Imagine yourself going on a trip to the mountains or the desert. In the beginning, you’re enjoying your freedom, that feeling no one can reach you, that you don’t owe anything to anyone, no explanations nor tasks, nothing, absolutely nothing to do.
After a little while, you get a bit lonely. You want to talk to someone, to share how you’re feeling. To feel a little bit seen and a little bit heard by someone who knows you well. You reach for your cellphone to call that someone, but you’re in the desert, and there’s no reception.
You stare at those three dots, tirelessly trying to connect, but there’s no connection. And the more these dots try, to more eager you get to have that connection. But nothing’s coming…
Terrifying, isn’t it?
Have You Ever Felt Lost?
This little imaginary trip to the desert is a representation of how children feel before they become defiant, too angry to communicate to, too demanding, or even too “needy.”
If your child is defiant, will do practically anything but listen and cooperate, if they demand and demand and demand no matter what they are given… If you can’t insert a word without hearing and angry “STOP” or seeing something fly your way, know that your child is out of the connection area. They’re alone in this desert called life. Or up on that mountain. They want to come back home to you, but they don’t know how to.
Finding the Way Back Home
When our kids are “out of line,” behaving in ways they know, we disapprove of, showing immense anger, defiance, or violence, rejecting our attempts to communicate, and it’s because they’ve lost their way home.
Our actions, what we usually do when push comes to shove, are the opposite from what can actually bring our kids back to us, help them feel empathy and compassion for our pain, and help them open up to us. With our purest intentions, we usually make things much worse. We punish, we shut down, we send them away. And that hurts everyone even more.
So before you decide on your next strategy to dealing with your child, consider these 10 things:
10 Things You Need to Know About Your Defiant Child
- Feeling disconnected from your parents is the loneliest feeling a child can experience
- From this place of loneliness, he tells himself that there’s nothing he can do to come back home to you, figuratively. That no matter what he does, he’ll only hear unpleasant words from you.
- Feeling with his back to the wall, yet eager to reconnect, he’ll tell himself that he’s not worthy of anything but being scolded.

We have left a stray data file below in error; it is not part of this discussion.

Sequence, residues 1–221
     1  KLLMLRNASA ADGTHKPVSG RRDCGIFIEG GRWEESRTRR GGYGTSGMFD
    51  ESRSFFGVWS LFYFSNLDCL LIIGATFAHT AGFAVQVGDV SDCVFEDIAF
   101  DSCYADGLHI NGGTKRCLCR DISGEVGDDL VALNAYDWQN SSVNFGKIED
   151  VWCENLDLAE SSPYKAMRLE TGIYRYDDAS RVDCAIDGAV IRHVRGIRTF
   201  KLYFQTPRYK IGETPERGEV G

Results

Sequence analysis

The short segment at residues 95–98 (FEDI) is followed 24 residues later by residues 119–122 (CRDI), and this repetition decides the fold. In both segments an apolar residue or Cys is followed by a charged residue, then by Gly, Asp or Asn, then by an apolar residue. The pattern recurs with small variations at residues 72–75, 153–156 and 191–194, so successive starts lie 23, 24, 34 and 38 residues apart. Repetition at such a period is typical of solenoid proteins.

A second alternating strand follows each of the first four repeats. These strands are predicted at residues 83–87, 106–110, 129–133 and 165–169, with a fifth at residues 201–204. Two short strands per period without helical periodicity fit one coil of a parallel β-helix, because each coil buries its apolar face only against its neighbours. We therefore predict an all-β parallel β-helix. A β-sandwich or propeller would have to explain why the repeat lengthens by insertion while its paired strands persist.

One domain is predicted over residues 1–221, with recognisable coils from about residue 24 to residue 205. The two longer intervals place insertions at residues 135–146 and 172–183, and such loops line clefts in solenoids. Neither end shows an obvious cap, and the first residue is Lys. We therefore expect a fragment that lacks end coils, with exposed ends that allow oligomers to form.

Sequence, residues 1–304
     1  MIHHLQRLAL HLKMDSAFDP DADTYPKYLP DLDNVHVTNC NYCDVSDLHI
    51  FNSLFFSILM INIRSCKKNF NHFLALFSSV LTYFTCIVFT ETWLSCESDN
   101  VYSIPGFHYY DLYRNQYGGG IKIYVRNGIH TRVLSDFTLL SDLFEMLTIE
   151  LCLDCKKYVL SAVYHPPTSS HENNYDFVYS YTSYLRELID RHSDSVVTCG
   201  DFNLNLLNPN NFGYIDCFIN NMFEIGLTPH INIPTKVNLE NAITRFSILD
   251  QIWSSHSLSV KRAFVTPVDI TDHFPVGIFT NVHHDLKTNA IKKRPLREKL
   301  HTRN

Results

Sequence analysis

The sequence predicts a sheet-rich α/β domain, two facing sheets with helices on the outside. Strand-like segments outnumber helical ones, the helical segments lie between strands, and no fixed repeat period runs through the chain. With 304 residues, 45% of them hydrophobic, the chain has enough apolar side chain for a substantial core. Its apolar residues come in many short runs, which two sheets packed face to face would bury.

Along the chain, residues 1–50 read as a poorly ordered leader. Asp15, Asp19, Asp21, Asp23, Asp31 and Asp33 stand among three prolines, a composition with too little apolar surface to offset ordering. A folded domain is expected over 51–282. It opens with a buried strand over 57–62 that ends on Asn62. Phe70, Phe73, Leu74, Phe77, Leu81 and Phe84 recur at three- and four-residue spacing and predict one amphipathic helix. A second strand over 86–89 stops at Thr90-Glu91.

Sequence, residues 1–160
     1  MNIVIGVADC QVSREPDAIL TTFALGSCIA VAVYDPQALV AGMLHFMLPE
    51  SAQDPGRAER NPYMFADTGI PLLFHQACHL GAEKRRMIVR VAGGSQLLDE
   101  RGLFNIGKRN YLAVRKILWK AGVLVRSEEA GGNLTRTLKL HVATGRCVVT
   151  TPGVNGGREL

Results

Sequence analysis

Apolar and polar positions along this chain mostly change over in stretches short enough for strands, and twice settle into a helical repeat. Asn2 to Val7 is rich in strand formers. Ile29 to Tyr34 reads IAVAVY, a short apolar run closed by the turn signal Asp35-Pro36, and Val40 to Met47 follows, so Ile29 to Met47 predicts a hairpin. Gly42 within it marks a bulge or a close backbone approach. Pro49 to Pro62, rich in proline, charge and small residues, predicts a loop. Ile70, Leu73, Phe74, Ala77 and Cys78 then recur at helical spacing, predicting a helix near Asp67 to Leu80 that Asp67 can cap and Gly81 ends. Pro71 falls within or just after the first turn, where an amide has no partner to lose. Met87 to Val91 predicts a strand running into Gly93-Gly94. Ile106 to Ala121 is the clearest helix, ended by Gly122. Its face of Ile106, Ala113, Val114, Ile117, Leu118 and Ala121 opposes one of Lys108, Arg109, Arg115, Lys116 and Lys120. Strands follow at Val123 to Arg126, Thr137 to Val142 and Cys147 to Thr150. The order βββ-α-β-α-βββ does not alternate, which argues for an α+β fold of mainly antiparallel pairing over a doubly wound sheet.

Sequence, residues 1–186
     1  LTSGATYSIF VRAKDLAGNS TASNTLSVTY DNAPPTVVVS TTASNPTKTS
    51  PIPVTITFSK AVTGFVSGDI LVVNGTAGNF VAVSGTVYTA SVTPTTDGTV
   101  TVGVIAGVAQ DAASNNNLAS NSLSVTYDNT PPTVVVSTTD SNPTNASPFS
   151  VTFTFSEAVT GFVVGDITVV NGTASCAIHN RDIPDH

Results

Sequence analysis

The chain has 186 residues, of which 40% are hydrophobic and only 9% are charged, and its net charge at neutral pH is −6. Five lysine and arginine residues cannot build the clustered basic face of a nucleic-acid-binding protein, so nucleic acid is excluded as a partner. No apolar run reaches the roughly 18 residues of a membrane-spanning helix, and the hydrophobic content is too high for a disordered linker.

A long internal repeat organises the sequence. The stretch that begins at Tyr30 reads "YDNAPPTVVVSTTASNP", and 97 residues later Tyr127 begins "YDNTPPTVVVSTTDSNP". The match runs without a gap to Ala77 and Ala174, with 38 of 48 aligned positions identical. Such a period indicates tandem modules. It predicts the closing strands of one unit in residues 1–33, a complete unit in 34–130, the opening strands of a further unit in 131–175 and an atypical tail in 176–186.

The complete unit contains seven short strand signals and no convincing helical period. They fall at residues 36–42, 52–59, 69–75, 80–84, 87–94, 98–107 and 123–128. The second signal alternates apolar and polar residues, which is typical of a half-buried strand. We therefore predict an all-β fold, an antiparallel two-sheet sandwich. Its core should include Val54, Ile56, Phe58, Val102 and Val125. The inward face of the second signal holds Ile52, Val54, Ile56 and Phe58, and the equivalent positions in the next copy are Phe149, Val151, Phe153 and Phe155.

- He will always tell himself that the problem is in him as if he starts believing otherwise, if he loses trust in you, his hope to be taken care of is gone.
- He’ll interpret anger as love.
- Searching for that love, he’ll keep trying to anger you.
- He can’t break this cycle. He doesn’t have the knowledge or tools.
- He needs you to step up and give him the map back to your heart.
- He needs you to put discipline and judgment aside.
- He needs you to reach out to him, with a loving smile, and reconnect.
Goodbye Child Discipline
I’ve written extensively about the mistaken modern approach to child discipline (follow the link to read the post), so here I’ll say one thing: your child knows. He knows what to do, and he knows what not to do. He knows what’s allowed and what isn’t.
For some reason (disconnection in 99.9% of the cases), that knowledge is inaccessible. Relentlessly trying to push for that knowledge only separates you from your little one and doesn’t address the root cause of what’s going on.
If everyone tells you that you need to discipline him more, better, harsher – everyone’s wrong.
Connection is an existential need for all human beings of all ages. Children need connection even more than adults because they know that they will not survive without our connection. Instinctively and biologically, children strive to be on good terms, to be connected to us. That’s what they want. That’s what they need.
If you’re now blaming yourself for not seeing this earlier, don’t. This is how our world works. We live in a world that believes that power and force are the only solutions when, in reality, they are causing all the challenges.
I was that teen, that misbehaving child. I know exactly how it feels, and one of the reasons for which I am now doing what I am doing (working with parents to help them build strong connection with their children) is to do my very best so that other children and parents won’t go through what we’ve gone through.
In my bestselling book, “No More Tantrums, Empowering Children to Peace of Mind”, I share all the knowledge and tools that you need to re-frame your parenting and restart your relationship with your children. Follow this link to get your copy.
Join my life and parenting support group on Facebook, where I share secrets to living and parenting from the heart.
Hope to meet you soon 🙂